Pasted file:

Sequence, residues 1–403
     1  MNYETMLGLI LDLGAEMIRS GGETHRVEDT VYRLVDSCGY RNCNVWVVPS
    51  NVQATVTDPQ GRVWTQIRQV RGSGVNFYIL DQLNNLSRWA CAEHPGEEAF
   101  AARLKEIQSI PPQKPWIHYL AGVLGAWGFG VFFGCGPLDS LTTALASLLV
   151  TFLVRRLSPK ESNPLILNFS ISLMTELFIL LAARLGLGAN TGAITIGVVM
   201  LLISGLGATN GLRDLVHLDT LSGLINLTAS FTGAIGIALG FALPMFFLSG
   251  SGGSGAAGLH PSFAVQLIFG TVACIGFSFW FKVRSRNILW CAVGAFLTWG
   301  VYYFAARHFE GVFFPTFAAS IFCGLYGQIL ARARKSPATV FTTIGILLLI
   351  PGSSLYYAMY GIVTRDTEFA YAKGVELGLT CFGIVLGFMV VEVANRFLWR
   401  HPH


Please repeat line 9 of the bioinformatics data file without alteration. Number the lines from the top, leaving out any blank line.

   351  PGSSLYYAMY GIVTRDTEFA YAKGVELGLT CFGIVLGFMV VEVANRFLWR